Norris–Hulse Professor of Divinity
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The Norrisian chair was founded in 1777 by a bequest from John Norris. Among the original stipulations of the bequest were that the holder should be between 30 and 60 years old, and that he should be fined 21 shillings from his salary if any student at his lectures were not provided with copies of the Old and New Testaments, and a Pearson on the Creed.
John Hulse (1708–1790) was an English clergyman from Middlewich, Cheshire. On his death, he bequeathed a large proportion of his estate to found a prize essay, two scholarships, and the positions of 'Hulsean Lecturer' and 'Christian Advocate'. The Hulsean Lecturer was originally required to deliver 20 sermons each year on the evidence of Christianity or scriptural difficulties, and the position continues to this day, although the number of lectures has been reduced greatly. In 1860 the Christian Advocate became the 'Hulsean Professor of Divinity'.
In 1934 the Norrisian and Hulsean Professorships were merged to form the Norris-Hulse Professorship. The expertise of the incumbent is generally expected to include philosophical theology, although the post does not formally require this.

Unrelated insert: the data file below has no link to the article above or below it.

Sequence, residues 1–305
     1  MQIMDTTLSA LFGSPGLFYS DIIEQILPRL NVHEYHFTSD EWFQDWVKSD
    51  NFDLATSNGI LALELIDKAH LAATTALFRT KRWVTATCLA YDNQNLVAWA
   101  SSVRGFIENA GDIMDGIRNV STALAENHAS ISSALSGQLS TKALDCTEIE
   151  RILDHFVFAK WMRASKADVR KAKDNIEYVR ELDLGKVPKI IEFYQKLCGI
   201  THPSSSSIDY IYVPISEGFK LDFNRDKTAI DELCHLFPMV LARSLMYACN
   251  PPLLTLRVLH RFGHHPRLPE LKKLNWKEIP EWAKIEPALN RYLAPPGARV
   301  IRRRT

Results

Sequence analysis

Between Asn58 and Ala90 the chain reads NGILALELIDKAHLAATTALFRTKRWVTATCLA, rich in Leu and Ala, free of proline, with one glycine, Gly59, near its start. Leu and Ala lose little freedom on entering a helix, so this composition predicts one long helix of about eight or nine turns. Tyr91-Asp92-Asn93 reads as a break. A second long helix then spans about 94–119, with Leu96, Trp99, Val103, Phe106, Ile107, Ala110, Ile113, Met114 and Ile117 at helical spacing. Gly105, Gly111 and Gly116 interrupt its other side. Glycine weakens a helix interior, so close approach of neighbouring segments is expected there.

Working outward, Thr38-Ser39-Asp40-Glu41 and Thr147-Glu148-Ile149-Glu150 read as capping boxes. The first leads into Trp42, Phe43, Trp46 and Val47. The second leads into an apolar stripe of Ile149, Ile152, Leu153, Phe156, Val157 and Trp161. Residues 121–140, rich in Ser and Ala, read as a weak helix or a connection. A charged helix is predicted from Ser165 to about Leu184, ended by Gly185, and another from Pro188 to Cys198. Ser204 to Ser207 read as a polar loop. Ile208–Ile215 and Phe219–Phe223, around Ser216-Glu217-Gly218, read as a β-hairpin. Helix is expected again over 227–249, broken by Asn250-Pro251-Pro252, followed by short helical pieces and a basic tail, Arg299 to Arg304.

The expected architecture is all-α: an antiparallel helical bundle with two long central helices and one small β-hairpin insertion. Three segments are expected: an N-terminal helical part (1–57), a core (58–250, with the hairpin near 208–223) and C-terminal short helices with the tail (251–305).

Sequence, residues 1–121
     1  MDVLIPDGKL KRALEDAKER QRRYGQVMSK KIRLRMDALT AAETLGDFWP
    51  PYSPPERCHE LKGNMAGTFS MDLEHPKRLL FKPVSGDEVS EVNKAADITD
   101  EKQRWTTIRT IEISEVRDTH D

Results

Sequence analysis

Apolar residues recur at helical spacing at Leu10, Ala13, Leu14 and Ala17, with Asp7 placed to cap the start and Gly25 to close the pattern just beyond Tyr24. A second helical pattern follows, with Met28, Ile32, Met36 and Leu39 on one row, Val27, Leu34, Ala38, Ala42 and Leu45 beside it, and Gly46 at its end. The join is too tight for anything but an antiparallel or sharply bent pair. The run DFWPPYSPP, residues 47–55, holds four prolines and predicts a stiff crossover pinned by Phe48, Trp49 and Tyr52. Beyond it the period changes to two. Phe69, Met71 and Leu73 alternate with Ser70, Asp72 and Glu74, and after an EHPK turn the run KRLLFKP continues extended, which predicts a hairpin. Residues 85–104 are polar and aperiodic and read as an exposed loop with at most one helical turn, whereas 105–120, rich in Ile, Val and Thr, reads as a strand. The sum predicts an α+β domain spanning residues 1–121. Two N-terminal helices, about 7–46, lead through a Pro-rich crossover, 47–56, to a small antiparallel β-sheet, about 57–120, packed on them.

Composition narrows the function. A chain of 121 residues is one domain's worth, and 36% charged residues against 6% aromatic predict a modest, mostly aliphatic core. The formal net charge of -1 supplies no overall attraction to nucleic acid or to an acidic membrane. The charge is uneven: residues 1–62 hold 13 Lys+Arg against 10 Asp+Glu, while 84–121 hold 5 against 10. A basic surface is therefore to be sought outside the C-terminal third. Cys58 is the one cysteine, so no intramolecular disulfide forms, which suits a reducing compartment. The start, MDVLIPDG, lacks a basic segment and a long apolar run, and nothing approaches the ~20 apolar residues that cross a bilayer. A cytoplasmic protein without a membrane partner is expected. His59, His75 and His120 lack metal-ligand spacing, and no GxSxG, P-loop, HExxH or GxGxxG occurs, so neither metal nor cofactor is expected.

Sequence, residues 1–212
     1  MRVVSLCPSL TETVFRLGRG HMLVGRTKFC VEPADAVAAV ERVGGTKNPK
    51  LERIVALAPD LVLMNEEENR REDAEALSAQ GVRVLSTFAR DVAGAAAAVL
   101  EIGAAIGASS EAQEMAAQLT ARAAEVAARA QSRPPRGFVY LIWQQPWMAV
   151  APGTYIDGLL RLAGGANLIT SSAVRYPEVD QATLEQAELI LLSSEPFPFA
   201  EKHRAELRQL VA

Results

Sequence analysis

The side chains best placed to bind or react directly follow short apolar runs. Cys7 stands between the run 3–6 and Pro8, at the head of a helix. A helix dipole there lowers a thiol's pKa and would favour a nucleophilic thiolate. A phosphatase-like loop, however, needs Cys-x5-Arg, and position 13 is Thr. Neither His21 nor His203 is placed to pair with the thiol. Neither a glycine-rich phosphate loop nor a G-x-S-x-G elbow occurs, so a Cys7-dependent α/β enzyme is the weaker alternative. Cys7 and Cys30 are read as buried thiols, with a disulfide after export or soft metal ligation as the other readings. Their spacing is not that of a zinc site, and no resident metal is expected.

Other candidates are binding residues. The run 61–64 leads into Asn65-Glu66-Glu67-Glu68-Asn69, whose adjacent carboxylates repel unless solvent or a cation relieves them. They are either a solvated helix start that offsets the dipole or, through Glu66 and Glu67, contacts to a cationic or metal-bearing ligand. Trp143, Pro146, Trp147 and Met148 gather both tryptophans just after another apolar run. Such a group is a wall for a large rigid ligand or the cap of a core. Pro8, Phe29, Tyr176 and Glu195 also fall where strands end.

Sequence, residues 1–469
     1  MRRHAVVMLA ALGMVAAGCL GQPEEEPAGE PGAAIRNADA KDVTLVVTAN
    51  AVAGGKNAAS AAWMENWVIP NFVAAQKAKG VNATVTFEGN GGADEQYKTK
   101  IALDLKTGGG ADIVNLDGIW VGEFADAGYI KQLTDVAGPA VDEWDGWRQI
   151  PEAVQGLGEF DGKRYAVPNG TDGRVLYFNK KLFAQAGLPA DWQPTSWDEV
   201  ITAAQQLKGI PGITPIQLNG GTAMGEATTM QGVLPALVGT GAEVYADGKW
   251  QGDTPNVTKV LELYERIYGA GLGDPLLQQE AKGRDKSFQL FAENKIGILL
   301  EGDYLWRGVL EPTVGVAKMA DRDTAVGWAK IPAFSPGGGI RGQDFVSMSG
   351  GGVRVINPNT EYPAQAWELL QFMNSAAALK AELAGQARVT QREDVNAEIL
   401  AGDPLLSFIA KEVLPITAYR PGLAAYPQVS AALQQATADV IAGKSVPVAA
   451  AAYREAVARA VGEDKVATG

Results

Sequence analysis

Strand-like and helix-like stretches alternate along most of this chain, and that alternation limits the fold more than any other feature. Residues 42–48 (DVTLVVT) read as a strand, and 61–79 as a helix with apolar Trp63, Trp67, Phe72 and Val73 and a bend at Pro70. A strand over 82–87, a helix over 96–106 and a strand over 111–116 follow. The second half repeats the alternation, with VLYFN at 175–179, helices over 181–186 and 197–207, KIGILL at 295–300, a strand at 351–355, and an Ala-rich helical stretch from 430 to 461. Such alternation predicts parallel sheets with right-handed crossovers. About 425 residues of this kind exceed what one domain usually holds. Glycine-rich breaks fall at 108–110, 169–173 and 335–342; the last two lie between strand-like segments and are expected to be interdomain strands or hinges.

- John Hey (1780)
- James Fawcett (1795)
- Thomas Jackson (1815)
- John Banks Hollingworth (1824)
- George Elwes Corrie (1838)
- Edward Harold Browne (1854)
- Charles Anthony Swainson (1864)
- Joseph Rawson Lumby (1879)
- Joseph Armitage Robinson (1893)
- Handley Carr Glyn Moule (1899)
- Frederick Henry Chase (1901)
- Francis Crawford Burkitt (1905)
- Charles John Ellicott (1860)
- Joseph Barber Lightfoot (1861)
- John James Stewart Perowne (1875)
- Fenton John Anthony Hort (1878)
- Herbert Edward Ryle (1887)
- William Emery Barnes (1901)
- Francis Crawford Burkitt (1934)
- Charles Harold Dodd (1935)
- Herbert Henry Farmer (1949)
- Donald MacKenzie MacKinnon (1960)
- Nicholas Langrishe Alleyne Lash (1978)
- Denys Alan Turner (1999)
- Sarah Anne Coakley (2007)
- "Hollingworth, John Banks (HLNT799JB)". A Cambridge Alumni Database. University of Cambridge.
- "University intelligence" The Times (London). Thursday, 14 November 1901. (36612), p. 11.